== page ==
After the FR task, another eye movement task was administered to reduce interference of the word stimuli before the final task using the same pool of common English nouns. This task is a classic paradigm for saccadic and anti-saccadic (AS) eye movements38 directed toward a target colored dot shifting position either to the right or to the left side of the screen center (Fig. 1). AS was used to probe non-verbal sensorimotor working memory for holding information about the color of the presented dot, which determines either a pro-saccade (green), i.e. follow the coming shift to either side, or an anti-saccade (red), i.e. do not follow the shift and saccade to the opposite side. There were 120 trials of each type that were pseudo-randomly distributed between two blocks of 60 trials with equal number of the pro- and anti-saccade trials. Like the SP task, AS was described with a well-defined network of the underlying neural substrates and mechanisms, which are impaired in a range of brain disorders39.

The battery was concluded with another version of the verbal memory task that used 6 pairs of words displayed one after another for subsequent cued recall (in contrast to the list of 12 words presented for non-cued free recall in FR), following the same distractor delay as in FR, to probe paired-associate learning (PAL)30. In PAL, the 15 lists of word pairs are initially presented in the same order across the sessions, but the order of the paired associate words (one word from each pair) during the cued recall phase is randomized. In this recall stage, one of the words from each pair (randomly selected) is presented as the cue for recall (Fig. 1). This design was employed to control for any effects of the predicted sequence of words, as in the previous studies22,37. The same pool of common English nouns was used for both FR and PAL tasks (randomly assigned for each list without replacement) to enable investigation of the iEEG activities in response to the same words in the context of two different tasks. Overall, within any session each of the 180 words was presented at least 2 times. There was at least one arithmetic equation presented per each list for control comparison of the word-induced iEEG responses.

In summary, each task session comprised a battery of the four tasks administered in the following order: SP, FR, AS, PAL. The aim was to record all tasks during one task session but this was not always possible. The recordings were collected from a minimum of one daily task session with at least one task completed (Table 1).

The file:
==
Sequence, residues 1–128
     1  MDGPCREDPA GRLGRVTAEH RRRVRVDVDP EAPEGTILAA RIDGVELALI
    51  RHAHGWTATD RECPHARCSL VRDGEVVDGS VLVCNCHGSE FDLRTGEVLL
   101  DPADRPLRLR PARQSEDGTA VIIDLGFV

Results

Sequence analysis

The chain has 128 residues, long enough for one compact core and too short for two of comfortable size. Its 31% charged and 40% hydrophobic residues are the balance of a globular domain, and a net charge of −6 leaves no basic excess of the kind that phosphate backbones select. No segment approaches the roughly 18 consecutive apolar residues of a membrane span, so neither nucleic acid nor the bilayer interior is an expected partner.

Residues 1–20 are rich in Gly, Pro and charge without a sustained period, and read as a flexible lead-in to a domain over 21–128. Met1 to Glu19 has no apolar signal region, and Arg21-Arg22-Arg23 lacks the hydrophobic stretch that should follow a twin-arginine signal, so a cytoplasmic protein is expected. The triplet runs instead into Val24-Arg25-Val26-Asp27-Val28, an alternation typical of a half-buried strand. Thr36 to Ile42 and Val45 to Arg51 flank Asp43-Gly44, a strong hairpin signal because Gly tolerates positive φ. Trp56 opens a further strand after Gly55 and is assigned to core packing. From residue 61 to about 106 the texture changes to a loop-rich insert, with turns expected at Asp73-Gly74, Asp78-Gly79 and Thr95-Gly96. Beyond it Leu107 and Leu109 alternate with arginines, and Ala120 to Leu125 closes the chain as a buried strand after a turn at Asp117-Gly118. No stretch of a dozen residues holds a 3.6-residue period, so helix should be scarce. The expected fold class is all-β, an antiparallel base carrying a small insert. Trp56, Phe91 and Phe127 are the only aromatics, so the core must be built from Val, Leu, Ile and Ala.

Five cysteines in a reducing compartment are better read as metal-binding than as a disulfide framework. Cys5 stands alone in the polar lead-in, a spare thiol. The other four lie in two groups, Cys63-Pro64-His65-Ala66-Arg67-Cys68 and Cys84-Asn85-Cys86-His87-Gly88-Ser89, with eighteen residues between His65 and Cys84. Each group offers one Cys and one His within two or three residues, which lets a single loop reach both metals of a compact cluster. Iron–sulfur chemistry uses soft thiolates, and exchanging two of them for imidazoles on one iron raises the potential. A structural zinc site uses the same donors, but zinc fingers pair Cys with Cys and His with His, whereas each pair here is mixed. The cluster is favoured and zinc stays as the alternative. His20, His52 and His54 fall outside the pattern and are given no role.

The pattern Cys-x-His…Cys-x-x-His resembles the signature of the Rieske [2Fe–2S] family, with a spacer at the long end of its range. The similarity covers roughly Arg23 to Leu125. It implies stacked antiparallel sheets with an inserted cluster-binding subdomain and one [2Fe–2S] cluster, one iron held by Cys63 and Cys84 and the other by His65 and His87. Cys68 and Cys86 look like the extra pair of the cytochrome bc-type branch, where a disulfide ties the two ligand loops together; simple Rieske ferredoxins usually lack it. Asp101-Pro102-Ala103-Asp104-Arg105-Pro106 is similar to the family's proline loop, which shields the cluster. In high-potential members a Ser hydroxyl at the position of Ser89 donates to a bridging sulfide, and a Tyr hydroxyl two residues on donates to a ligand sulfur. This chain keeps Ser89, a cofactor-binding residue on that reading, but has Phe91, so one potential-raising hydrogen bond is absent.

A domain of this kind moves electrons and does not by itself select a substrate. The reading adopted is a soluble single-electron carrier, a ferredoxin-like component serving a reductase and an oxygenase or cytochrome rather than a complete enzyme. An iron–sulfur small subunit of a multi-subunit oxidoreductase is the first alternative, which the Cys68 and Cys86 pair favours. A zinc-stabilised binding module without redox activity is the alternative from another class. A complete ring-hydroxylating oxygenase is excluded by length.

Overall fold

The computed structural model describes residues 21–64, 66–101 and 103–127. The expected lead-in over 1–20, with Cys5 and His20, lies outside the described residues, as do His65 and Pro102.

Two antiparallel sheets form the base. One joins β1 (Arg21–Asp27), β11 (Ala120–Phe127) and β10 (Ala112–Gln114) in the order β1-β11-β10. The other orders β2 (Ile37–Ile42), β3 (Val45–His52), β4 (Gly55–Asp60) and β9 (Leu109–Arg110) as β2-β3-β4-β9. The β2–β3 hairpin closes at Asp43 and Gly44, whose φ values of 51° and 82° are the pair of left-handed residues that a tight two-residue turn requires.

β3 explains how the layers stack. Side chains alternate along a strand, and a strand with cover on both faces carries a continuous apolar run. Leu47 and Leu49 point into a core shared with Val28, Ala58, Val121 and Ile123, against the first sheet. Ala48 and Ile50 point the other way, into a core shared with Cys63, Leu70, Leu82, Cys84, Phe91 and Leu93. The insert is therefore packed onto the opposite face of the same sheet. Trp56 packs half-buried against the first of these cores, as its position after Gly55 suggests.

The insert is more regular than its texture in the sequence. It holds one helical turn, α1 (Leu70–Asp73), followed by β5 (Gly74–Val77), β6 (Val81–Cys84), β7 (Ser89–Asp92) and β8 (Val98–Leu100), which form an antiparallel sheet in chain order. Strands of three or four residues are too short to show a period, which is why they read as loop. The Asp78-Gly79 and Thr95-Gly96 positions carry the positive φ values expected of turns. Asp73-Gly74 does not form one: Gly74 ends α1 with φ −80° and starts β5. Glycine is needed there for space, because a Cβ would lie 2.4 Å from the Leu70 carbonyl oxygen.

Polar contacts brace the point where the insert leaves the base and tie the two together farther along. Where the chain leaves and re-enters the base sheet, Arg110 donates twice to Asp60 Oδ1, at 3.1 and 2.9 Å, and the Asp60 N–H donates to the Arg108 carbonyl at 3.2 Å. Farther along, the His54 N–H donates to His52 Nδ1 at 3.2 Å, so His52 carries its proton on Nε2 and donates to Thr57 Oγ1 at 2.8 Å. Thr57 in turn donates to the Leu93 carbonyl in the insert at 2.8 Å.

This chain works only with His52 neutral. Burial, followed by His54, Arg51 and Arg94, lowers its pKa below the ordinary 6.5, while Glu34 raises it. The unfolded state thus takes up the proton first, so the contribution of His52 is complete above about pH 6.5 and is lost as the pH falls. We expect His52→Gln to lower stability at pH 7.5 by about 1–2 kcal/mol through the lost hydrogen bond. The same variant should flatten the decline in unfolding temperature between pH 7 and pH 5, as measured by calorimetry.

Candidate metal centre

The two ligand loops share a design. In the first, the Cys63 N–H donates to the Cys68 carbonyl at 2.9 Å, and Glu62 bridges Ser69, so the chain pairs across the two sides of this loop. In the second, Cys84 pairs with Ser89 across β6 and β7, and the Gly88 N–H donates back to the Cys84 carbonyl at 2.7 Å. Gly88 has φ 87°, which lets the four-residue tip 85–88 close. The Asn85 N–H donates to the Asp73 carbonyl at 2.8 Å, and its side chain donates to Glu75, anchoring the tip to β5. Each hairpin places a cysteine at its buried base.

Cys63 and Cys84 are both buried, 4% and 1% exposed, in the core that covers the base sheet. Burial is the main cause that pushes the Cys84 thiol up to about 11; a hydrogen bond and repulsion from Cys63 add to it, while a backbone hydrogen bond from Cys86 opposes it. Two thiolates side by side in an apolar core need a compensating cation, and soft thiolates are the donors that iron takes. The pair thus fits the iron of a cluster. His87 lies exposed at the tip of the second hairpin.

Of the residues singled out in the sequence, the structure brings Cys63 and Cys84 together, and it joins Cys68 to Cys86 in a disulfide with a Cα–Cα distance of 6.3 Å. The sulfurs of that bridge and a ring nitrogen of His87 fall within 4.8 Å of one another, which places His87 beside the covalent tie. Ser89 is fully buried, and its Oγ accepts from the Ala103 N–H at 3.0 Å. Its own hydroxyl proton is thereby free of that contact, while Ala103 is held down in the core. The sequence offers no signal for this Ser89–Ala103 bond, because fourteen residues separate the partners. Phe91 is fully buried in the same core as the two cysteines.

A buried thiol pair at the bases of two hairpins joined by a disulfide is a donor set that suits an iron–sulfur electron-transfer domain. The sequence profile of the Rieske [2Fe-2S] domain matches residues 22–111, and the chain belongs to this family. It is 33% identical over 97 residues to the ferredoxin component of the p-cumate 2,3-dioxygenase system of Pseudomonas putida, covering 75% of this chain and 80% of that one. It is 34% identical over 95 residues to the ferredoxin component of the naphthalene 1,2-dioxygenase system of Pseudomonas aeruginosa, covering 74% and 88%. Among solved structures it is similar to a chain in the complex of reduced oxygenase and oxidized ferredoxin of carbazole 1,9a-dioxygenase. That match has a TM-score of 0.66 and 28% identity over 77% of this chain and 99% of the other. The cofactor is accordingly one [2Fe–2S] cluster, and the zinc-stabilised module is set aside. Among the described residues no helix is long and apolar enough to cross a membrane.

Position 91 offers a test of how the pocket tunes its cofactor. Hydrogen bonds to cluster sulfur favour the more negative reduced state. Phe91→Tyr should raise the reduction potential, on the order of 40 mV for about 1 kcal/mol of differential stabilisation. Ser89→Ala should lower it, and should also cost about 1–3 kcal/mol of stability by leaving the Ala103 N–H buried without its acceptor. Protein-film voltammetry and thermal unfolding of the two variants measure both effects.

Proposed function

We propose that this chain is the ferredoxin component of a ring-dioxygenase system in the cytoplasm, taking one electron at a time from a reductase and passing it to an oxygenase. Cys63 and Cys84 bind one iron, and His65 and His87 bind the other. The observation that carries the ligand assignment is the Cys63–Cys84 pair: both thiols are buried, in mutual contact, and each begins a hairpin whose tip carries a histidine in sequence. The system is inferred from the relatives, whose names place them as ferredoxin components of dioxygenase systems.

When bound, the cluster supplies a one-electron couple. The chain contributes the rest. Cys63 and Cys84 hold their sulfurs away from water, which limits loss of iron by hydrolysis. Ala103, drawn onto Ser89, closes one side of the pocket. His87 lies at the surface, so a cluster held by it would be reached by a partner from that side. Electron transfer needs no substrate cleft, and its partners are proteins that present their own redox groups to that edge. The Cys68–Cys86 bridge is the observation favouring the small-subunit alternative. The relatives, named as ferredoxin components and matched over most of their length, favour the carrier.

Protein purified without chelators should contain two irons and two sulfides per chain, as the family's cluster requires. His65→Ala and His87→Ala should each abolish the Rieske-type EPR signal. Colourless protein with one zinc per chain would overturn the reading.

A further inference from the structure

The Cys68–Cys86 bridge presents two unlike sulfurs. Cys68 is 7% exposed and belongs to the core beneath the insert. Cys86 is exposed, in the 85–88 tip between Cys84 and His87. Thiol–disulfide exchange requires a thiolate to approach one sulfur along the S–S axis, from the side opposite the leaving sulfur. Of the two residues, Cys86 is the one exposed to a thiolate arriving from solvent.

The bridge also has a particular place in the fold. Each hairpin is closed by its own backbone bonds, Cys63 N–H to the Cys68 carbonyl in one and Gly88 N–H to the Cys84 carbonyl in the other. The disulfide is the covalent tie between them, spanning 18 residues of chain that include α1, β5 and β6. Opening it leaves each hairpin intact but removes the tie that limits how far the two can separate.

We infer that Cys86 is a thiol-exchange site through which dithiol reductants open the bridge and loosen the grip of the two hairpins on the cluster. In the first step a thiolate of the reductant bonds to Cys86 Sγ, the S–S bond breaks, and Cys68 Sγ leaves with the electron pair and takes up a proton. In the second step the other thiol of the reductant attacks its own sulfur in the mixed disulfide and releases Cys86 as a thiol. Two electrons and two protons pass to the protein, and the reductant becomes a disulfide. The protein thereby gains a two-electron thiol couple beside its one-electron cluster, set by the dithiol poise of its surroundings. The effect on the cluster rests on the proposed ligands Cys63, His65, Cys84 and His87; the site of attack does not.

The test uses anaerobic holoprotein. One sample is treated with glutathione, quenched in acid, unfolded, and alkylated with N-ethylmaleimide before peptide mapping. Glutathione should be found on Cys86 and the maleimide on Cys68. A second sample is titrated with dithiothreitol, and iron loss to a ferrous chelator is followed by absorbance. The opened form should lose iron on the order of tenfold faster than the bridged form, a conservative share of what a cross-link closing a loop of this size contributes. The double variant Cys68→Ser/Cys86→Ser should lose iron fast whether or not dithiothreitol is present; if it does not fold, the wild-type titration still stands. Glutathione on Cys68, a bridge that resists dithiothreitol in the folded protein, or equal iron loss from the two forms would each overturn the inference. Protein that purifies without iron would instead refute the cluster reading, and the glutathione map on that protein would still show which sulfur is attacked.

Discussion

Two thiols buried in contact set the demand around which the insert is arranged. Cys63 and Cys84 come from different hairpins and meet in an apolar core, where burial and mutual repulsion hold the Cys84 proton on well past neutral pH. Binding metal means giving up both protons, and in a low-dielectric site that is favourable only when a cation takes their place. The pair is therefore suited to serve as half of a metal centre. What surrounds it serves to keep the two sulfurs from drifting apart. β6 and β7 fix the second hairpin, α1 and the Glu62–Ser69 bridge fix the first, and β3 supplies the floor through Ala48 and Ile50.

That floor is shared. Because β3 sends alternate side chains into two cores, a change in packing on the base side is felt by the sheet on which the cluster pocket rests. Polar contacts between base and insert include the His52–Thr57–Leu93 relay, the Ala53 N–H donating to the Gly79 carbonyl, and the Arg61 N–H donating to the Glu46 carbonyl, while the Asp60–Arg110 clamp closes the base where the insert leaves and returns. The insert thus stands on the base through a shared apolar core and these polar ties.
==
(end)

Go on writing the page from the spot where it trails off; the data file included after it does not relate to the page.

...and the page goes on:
Table 1 Overview of the total number of tasks and electrode recordings in individual patients.

Tracking of eye movements and pupil dilation

Recording of gaze position and pupil size was performed using a custom-made application developed from the i4tracking system (Medicton group Inc., Prague, Czech Republic) designed for clinical use40. The recording was performed on a laptop computer connected to a 24-inch monitor screen with resolution of 1680 × 1050 px, where the gaze position was tracked by high-resolution (2048 × 1088 px) and high-speed (up to 150 Hz sampling rate) external camera device placed right under the screen in front of the patient. Stimuli were displayed on the screen using font size of 100 pt and were viewed from a distance of approx. 60 cm. Pupil position and size were detected by the camera device, corresponding to approx. 0.1 mm per pixel in the eye image. The camera device was positioned to capture the face area from forehead to the mouth. Two sources of infrared light were emitted from the camera to capture the reflected light for pupil detection. Other sources of infrared light in the room were eliminated. Raw images from the camera were sampled at the rate of 150 Hz and were saved for extracting pupil size and position using a detection algorithm, which worked by fitting a general ellipse equation over the estimated pupil image. The pupil size in pixels was also converted to millimeters using measured interpupillary distance (IPD) and the IPD in the camera images. The reported pupil area was computed using the corresponding vertical and horizontal diameters in the ellipse area equation. Gaze position was determined by projecting the movement of the estimated center of the pupil onto the monitor screen area with the use of corneal reflection. Gazes outside of the screen area as well as the eye-blinks were treated as missing-samples. Vocal responses of the patients during the recall phase of the task were recorded using an external USB microphone and manually annotated after the experiments to mark the time and identity of the uttered words in custom audio editing software.

Before presentation of the task word lists, the eye tracker was calibrated for each recruited patient. In the calibration procedure patients were asked to focus their gaze on nine points presented consecutively at specific positions across the diagonals and centers of the side edges of the display screen. Calibration was repeated before starting any new task in the session to ensure accurate estimate of the pupil size. Moreover, patients were instructed not to move their heads and focus gaze on the screen throughout all phases of the task trials. Despite these efforts, the quality of the eye-tracking was lower toward the end of each task due to slight shifts in the focus with changes in the head position. All stimuli were presented on the screen in a light gray color on light gray background to minimize pupil responses to changing lighting and contrast. The testing was conducted in a room with low-light conditions that remained constant throughout the testing procedure.

Format conversion